Kanwaljeet J. S. Anand, MBBS, D. Phil
Professor of Pediatrics, Anesthesiology, Perioperative & Pain Medicine
Dr. K.J.S. (“Sunny”) Anand received his medical degree from India and D.Phil. from University of Oxford as a Rhodes Scholar, followed by post-doctoral training at Harvard Medical School. His research on pain and stress in children has been recognized with many professional awards including the highest international award in the field of Pediatrics: the Nils Rosén von Rosenstein Award from Swedish Academy of Medicine (2009). His community service activities included founding the Harmony Health Clinic in Little Rock (AR) – providing free medical and dental care since 2008. He received the Father Joseph Biltz Award from National Conference for Community & Justice (2007) and the Dr. Martin Luther King “Salute to Greatness” Individual Award (2008) from the Governor of Arkansas. He has authored >300 peer-reviewed articles and other monographs, 9 books/journal issues, and 60+ book chapters. He is currently Professor of Pediatrics, Anesthesiology Perioperative & Pain Medicine at Stanford University School of Medicine, Editor of Pediatric Research – a leading medical journal, and Co-Chair of the Ideal Village Conferences at Stanford University.
Cynthia Rovnaghi, MS
Life Science Research Professional Manager
Cynthia's roles have changed over three decades, first as an Executive Director of an emergency placement facility serving youth in crisis in rural Arkansas providing hands-on service to children and their families under the venues of child protective services, court advocacy, professional counseling, and emergency placement and then as a scientist to investigate, develop, and publish novel methodologies advancing neurology. Cynthia’s specialty was in treating children exposed to maltreatment, sexual abuse, sexual and physical assault, and neglect. Her technological skills and expertise in evaluating environmental, biological, physiological, psychosocial, and socioeconomic factors influencing brain development through the life-course has enabled Cynthia to develop methodologies measuring markers of brain function under conditions of typical development compared to adverse/traumatic brain injury/dysregulation, neurodegeneration, risk-taking behavior, and factors promoting resiliency. A deep passion for understanding these conditions and faith based underpinnings of healing and restoration in survivors of abuse and neglect and of children in poverty drove her to participate in legislation establishing governmental policies concerning poverty, social and welfare reform, family and domestic violence interventions, and restructuring of child protective services.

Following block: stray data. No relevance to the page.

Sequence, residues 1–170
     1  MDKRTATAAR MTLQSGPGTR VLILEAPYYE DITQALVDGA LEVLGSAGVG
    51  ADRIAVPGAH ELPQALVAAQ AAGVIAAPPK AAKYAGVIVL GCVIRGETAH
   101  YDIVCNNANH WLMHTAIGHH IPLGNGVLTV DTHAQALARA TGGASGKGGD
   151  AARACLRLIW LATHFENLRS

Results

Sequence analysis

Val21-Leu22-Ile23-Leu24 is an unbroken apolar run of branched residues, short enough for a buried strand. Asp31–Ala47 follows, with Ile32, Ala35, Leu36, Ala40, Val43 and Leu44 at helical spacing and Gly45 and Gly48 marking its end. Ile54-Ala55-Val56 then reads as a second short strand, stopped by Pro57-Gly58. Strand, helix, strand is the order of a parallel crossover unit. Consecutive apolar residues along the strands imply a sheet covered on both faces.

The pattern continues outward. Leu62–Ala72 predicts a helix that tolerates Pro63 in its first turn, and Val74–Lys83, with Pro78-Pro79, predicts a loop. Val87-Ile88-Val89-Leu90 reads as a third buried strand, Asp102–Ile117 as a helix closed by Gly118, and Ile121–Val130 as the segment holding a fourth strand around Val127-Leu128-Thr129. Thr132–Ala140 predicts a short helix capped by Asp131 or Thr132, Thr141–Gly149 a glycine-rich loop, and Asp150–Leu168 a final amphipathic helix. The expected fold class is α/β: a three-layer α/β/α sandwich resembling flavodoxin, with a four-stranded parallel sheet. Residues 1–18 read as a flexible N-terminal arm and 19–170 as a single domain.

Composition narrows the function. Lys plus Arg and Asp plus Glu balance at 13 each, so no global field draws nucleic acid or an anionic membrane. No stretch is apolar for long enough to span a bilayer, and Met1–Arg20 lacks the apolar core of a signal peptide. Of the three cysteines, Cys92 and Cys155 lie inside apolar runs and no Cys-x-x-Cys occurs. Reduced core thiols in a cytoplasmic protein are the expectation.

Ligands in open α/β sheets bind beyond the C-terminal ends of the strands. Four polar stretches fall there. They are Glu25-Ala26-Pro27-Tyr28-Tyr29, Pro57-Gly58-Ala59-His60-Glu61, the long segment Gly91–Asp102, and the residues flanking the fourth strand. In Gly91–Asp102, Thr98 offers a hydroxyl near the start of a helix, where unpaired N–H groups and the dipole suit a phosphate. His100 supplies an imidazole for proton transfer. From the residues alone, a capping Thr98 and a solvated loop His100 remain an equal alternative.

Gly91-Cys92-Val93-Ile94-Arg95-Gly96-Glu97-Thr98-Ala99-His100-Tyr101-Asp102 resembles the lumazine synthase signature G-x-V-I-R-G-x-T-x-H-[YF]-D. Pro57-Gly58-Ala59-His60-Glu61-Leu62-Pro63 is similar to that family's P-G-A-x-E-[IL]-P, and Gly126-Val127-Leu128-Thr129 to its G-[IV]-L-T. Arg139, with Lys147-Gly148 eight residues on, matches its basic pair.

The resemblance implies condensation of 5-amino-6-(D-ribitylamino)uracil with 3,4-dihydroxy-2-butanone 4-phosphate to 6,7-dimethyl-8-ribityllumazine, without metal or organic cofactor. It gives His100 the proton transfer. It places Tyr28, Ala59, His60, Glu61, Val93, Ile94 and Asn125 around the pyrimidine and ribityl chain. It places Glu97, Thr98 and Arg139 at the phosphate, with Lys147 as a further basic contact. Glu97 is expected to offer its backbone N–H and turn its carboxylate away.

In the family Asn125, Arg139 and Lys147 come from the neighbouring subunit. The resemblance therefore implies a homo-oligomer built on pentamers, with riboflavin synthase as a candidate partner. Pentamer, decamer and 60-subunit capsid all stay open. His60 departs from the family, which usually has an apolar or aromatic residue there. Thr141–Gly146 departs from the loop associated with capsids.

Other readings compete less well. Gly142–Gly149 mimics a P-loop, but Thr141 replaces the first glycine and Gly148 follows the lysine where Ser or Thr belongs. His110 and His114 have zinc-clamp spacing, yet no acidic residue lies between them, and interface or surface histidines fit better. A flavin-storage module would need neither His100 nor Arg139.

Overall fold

Clinical Research Coordinator
Zoie Carter, holding both a BA and a master's degree in Public Health from Brown University, has been an impactful contributor to research endeavors dedicated to enhancing the health and well-being of adolescents. Her collaborative research work with psychiatric hospitals in Rhode Island and non-profit organizations in Hartford, Connecticut, exposed her to the vital intersection of health and community dynamics. Through these experiences, Zoie discovered the power of mindfulness and subsequently focused her research on mindfulness-based interventions for improving the physical and mental health of Black, Indigenous, and People of Color (BIPOC) communities. For her graduate thesis, she developed a psychometric scale to measure mindfulness levels within the Black community, contributing to a broader study on chronic stress and stress mitigation among urban youth from marginalized backgrounds. Committed to advancing equitable healthcare initiatives, Zoie is a passionate advocate for the health and well-being of vulnerable populations, particularly young children who lack the means to advocate for themselves verbally.